Director of 'Carrie' is from South Florida

 

Offers new perspective

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By Rene Rodriguez

The sad story of Carrie White, the bullied teenage girl with telekinetic powers, has been told four times: In Stephen King’s 1974 novel, in Brian De Palma’s 1976 film adaptation and in two Broadway musicals, one of which is infamous for being amongst the biggest flops of all time. So what could a new Carrie movie offer? A female perspective.

“At heart, Carrie is the story of a mother and daughter who are at war because the mother believes her daughter is evil,” says Kimberly Peirce ( Boys Don’t Cry, Stop/Loss), who directed the new film. “But it’s also the story of the gym teacher who becomes a mother figure to Carrie and the story of two girls who torment Carrie and then respond in different ways.” Peirce, 46, grew up in Miami and says she identified with Carrie, who in an early scene is bullied by her classmates in the locker room after she gets her first period.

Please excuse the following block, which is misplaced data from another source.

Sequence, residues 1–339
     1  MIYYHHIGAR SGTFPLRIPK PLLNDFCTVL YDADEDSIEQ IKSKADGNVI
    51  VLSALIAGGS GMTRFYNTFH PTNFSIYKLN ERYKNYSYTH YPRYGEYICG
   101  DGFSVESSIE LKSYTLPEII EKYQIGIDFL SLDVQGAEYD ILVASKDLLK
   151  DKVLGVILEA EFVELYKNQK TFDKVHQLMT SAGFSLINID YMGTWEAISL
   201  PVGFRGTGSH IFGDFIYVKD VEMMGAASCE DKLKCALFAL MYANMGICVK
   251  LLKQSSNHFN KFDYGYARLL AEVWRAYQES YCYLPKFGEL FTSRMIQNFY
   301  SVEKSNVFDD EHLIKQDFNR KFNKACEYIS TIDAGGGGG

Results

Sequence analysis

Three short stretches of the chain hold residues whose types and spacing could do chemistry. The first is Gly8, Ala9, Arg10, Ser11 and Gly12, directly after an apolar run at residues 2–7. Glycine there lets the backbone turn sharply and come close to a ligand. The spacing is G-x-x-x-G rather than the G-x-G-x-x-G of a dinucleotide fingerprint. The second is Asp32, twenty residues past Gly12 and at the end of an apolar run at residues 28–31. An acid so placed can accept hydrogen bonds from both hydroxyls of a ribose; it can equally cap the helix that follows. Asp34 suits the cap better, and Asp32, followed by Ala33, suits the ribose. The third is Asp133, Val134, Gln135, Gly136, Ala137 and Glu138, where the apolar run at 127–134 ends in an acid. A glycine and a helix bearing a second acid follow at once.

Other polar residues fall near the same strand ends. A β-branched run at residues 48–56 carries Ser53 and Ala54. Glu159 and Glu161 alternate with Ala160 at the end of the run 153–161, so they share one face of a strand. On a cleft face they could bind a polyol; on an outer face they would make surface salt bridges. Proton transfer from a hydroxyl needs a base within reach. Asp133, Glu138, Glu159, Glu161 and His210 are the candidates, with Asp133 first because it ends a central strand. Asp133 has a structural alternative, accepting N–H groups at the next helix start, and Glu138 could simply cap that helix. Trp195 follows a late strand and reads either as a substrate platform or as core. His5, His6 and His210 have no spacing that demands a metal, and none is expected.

“I was always cute, but I was also skinny and tiny in high school,” Peirce says. “I can understand why Carrie looks up to other girls and wants to be like them but knows she’s never going to be that beautiful. The kids in Miami are amazing-looking. On Facebook, I’m friends with all my former classmates at South Miami Jr. and Senior High, and it’s hilarious. I look at their pictures, and they’re all gorgeous!”

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